Teaching infant car seat installation via interactive visual presence: An experimental trial.

Academic Article

Abstract

  • OBJECTIVE: A large portion of child restraint systems (car seats) are installed incorrectly, especially when first-time parents install infant car seats. Expert instruction greatly improves the accuracy of car seat installation but is labor intensive and difficult to obtain for many parents. This study was designed to evaluate the efficacy of 3 ways of communicating instructions for proper car seat installation: phone conversation; HelpLightning, a mobile application (app) that offers virtual interactive presence permitting both verbal and interactive (telestration) visual communication; and the manufacturer's user manual. METHODS: A sample of 39 young adults of child-bearing age who had no previous experience installing car seats were recruited and randomly assigned to install an infant car seat using guidance from one of those 3 communication sources. RESULTS: Both the phone and interactive app were more effective means to facilitate accurate car seat installation compared to the user manual. There was a trend for the app to offer superior communication compared to the phone, but that difference was not significant in most assessments. The phone and app groups also installed the car seat more efficiently and perceived the communication to be more effective and their installation to be more accurate than those in the user manual group. CONCLUSIONS: Interactive communication may help parents install car seats more accurately than using the manufacturer's manual alone. This was an initial study with a modestly sized sample; if results are replicated in future research, there may be reason to consider centralized "call centers" that provide verbal and/or interactive visual instruction from remote locations to parents installing car seats, paralleling the model of centralized Poison Control centers in the United States.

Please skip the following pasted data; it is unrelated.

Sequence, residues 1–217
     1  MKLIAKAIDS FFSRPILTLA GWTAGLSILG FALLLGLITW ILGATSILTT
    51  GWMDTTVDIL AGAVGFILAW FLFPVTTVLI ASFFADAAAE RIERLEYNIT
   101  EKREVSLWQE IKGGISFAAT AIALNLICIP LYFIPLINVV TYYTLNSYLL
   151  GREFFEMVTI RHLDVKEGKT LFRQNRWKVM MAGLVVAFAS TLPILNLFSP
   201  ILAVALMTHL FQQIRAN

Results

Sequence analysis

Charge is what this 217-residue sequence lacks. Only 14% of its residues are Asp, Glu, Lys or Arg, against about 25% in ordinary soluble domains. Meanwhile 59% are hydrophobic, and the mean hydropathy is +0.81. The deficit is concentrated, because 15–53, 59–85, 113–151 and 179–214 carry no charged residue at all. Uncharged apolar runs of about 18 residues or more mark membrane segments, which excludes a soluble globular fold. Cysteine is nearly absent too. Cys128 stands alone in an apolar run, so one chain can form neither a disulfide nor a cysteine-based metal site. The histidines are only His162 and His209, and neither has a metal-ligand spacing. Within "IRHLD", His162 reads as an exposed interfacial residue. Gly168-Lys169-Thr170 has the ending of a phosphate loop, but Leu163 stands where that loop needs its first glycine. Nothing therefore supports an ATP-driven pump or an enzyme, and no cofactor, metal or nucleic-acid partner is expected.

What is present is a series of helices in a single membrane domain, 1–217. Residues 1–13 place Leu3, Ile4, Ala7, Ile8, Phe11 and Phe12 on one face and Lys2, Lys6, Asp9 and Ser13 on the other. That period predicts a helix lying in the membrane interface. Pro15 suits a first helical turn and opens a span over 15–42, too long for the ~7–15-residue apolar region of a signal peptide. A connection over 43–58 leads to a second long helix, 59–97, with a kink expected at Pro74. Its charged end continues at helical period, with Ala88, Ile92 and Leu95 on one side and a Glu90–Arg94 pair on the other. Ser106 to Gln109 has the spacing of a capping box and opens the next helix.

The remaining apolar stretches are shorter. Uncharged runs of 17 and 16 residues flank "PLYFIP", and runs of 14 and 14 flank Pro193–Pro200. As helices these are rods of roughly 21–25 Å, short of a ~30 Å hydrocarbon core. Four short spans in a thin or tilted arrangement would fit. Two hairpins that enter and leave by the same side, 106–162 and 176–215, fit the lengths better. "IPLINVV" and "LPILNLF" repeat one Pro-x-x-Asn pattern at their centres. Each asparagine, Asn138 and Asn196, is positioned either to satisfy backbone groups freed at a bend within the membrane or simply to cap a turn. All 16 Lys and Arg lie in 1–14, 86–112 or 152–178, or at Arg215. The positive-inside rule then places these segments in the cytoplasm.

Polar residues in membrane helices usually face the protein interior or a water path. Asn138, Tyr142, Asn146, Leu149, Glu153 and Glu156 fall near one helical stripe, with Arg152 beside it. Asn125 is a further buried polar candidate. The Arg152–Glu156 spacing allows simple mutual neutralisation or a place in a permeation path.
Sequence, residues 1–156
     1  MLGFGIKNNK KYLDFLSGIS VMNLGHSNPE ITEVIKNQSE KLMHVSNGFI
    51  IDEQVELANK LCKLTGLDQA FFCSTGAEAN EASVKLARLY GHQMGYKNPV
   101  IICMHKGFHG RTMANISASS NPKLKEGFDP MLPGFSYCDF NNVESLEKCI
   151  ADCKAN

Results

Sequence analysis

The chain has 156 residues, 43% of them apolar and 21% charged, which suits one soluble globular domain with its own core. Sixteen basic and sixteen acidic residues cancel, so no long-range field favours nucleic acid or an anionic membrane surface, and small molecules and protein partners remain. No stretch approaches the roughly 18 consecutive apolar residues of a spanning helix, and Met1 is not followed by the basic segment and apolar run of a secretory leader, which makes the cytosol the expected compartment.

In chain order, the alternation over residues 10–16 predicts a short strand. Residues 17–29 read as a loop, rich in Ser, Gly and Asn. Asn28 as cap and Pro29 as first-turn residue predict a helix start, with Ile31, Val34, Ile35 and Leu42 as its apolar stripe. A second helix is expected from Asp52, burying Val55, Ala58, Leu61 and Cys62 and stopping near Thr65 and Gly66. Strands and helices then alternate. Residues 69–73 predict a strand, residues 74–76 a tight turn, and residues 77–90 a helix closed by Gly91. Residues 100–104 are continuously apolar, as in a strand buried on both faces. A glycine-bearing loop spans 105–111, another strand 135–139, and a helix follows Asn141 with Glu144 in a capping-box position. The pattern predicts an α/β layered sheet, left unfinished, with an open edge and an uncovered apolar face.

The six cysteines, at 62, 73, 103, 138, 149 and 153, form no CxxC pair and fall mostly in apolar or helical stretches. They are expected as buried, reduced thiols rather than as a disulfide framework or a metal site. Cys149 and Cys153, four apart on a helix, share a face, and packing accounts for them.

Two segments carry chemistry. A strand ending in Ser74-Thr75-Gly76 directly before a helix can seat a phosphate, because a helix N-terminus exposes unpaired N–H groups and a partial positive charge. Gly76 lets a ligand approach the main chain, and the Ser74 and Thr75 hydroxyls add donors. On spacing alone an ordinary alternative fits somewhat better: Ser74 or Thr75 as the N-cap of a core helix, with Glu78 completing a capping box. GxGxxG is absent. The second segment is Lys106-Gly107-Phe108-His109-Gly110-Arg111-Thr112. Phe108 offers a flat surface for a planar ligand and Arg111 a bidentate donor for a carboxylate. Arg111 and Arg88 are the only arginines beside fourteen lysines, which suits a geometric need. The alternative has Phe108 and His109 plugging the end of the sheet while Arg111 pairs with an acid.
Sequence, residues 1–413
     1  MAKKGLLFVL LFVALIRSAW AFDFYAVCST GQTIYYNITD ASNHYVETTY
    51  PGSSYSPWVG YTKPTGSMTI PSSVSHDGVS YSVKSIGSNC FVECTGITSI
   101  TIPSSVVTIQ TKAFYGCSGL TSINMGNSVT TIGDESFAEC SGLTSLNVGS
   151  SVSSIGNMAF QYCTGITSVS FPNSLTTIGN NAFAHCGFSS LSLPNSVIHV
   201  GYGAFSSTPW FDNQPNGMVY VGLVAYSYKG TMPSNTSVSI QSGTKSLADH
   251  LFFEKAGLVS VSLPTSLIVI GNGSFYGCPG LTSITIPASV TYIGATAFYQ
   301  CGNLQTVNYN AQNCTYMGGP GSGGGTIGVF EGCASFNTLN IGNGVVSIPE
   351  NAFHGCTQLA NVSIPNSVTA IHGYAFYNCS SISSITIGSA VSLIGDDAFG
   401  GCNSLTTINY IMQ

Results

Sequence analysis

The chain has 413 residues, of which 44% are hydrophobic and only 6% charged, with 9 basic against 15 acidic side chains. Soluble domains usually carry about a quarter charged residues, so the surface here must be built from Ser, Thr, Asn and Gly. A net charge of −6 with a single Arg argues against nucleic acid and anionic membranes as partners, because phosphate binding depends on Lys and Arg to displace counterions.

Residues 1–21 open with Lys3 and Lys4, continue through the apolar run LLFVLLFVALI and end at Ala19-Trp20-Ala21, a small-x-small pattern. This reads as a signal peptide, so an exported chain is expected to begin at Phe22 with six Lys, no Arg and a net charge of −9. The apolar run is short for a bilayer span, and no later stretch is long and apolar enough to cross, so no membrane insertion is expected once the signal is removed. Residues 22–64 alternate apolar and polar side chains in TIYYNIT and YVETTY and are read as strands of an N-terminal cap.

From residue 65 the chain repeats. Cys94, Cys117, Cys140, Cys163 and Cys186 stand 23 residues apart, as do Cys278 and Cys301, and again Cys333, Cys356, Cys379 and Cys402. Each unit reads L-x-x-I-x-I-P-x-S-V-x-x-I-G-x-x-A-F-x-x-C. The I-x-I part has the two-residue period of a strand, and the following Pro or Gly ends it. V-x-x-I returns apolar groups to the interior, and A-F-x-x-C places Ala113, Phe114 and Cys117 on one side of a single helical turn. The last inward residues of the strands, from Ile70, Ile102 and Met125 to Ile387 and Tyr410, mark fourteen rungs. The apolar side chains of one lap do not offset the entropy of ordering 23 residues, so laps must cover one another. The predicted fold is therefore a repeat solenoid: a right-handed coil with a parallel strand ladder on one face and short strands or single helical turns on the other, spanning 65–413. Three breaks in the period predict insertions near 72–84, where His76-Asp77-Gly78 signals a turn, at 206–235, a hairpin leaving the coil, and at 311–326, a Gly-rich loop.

• Authors

    Published In

    Keywords

  • Car seat, child restraint system (CRS), infant, injury prevention, interactive visual communication, safety, Alabama, Child, Child Restraint Systems, Child, Preschool, Communication, Female, Humans, Infant, Infant, Newborn, Male, Parents, Teaching, Young Adult
  • Digital Object Identifier (doi)

    Author List

  • Schwebel DC; Johnston A; Rouse J
  • Start Page

  • 188
  • End Page

  • 192
  • Volume

  • 18
  • Issue

  • 2